Practitioners discuss key considerations when using energy-based devices to treat the abdominal area
In recent years, it is safe to say that energy-led treatments, including laser, radiofrequency, ultrasound or cryolipolysis, have significantly increased and therefore influenced treatment offerings in a practitioner’s clinic. We know that the global medical aesthetic devices market is developing and is expected to reach an estimated value of $11.20 billion by 2021.1 “I hate my flabby belly” is a statement likely to be heard on a day-to-day basis by many aesthetic practitioners specialising in body contouring treatments and a quick Google Trends search shows that ‘how to lose belly fat fast’ was in the top 10 most frequently asked questions on the search engine last year.2 So, in an evolving specialty, how do you decide which energy-based device you should be introducing into your practice for abdominal treatments? What type of patients are most suitable for the treatment? And is there ever a one-size fits-all approach for this area? Aesthetics speaks to four practitioners for their recommendations.
The aims of non-surgical treatment to the stomach is firstly to remove fat, and secondly to tighten the skin. Aesthetic practitioners Dr Rita Rakus, founder of the Dr Rita Rakus Clinic, and Dr Martyn King, founder of the Cosmedic Skin Clinic, agree that those offering treatments must be realistic with the quality of results they can expect to achieve non-surgically. For example, they say that if the patient has an overhanging ‘apron’ of skin and tissue, they would be more suitable for an abdominoplasty as opposed to any non-surgical treatments. Dr Rakus explains, “We have to analyse how much fat and loose skin there is; sometimes energy-based devices aren’t suitable for the type of treatment needed and we need to be honest with the patient if we don’t think they will get the results they want.” She adds, “These devices are particularly good at sculpting the abdominal area and working to target those really stubborn areas of fat that patients just can’t shift, like on the midriff.” Aesthetic practitioner Dr Rekha Tailor, founder of Health & Aesthetics, echoes this and states that she often has patients with fairly athletic body-types seeking treatment as they just can’t ‘budge the bulge’. She says, “These treatments are useful for all kinds of patients, even those who are athletic can benefit, as they still sometimes have the occasional pocket of fat in the lower abdominal area.”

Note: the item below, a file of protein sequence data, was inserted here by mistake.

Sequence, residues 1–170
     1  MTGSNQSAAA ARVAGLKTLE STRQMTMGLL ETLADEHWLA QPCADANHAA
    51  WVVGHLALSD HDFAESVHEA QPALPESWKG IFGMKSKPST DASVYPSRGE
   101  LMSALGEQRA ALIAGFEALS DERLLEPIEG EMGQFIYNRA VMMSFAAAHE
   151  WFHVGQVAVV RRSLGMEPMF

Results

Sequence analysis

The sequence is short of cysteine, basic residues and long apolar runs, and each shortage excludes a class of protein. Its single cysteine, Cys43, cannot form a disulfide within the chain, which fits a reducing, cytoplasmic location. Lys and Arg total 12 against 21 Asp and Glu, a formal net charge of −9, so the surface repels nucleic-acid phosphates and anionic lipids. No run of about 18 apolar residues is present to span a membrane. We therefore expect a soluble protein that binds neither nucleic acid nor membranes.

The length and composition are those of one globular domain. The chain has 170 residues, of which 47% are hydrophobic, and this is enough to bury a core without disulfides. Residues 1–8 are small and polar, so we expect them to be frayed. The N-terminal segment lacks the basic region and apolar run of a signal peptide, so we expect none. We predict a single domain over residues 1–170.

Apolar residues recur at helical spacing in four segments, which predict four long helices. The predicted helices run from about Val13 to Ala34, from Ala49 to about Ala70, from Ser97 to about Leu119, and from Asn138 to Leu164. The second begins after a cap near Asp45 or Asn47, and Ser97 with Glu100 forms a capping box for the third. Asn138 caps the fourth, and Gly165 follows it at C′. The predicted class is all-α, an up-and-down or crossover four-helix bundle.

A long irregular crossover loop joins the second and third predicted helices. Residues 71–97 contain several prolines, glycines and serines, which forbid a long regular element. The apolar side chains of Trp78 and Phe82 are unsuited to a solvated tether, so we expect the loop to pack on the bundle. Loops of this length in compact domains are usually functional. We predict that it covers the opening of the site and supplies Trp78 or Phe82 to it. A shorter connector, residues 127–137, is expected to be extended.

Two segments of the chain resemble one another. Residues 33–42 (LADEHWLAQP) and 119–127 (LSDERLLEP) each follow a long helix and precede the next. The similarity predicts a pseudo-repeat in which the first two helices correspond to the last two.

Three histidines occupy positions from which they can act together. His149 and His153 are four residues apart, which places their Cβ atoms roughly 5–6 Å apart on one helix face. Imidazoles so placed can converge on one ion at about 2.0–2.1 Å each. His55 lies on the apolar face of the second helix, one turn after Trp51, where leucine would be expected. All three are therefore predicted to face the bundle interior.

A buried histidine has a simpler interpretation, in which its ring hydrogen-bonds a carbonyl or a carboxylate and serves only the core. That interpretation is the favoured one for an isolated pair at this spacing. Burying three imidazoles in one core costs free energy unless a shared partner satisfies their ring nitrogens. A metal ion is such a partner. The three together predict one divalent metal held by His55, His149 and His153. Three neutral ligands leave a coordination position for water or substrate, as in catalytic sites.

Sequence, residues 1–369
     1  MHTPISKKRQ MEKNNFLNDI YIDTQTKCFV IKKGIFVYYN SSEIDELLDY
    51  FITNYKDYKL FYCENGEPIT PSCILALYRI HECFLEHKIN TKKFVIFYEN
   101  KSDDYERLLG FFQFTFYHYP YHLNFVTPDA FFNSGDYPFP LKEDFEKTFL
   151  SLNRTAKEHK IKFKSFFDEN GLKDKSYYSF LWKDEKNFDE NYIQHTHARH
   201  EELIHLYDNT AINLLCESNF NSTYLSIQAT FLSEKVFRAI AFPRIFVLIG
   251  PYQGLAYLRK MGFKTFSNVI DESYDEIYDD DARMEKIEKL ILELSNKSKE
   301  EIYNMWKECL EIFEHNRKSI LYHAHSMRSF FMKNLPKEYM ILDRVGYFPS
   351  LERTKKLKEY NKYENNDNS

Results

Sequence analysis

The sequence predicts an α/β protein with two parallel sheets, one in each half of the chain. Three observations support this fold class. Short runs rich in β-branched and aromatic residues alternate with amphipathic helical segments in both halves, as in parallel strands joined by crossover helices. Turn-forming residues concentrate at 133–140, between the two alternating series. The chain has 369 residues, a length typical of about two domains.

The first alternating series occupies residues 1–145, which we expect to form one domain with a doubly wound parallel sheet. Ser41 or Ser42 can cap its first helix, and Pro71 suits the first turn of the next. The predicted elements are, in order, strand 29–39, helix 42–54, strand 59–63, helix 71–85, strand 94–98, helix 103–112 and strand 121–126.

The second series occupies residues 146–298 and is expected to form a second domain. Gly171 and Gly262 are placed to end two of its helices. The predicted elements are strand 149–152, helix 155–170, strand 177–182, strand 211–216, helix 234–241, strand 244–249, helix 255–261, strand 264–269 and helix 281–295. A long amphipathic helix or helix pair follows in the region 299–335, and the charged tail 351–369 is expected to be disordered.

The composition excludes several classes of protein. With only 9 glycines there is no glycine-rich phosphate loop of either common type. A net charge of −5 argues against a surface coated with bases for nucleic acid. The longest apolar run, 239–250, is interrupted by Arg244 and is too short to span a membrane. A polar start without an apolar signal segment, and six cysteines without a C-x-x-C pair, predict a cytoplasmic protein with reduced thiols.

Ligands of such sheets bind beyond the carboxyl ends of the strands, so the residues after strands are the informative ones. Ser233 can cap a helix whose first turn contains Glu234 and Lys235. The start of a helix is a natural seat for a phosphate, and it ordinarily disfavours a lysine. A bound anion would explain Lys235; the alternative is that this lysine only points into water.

Another benefit of non-surgical treatment is the ability to improve the tone and texture of the stomach, which surgeon and founder of S-Thetics Miss Sherina Balaratnam says is a major concern for patients. As such she stresses the importance of identifying the patient’s main concern – considering skin tone, texture, shape and laxity – before choosing a suitable treatment approach that will address them successfully.
With so many technologies available, how do you know what to choose? Dr Tailor suggests that practitioners start off by offering two types of energy-based treatment, one that breaks down fat cells and one that tightens the skin, as these are the two most common issues that patients present with. “I use two devices in my practice, the Accent Prime, that combines ultrasound and radiofrequency for skin tightening, and CoolSculpting, a cryolipolysis device,” she adds.
Dr King, who uses the ultrasound cavitation, cryolipolysis and radiofrequency 3D-lipo device, as well as cryolipolysis device, Cristal, highlights that many devices incorporate more than one treatment, “If you look at cryolipolysis, there is evidence that it will remove around 20% of the fat but it will also cause some skin tightening. Treatments such as simultaneous cavitation and radiofrequency will cause some skin tightening as well as fat reduction. So, for those looking to introduce just one device, there are many out there that incorporate more than one technology.”3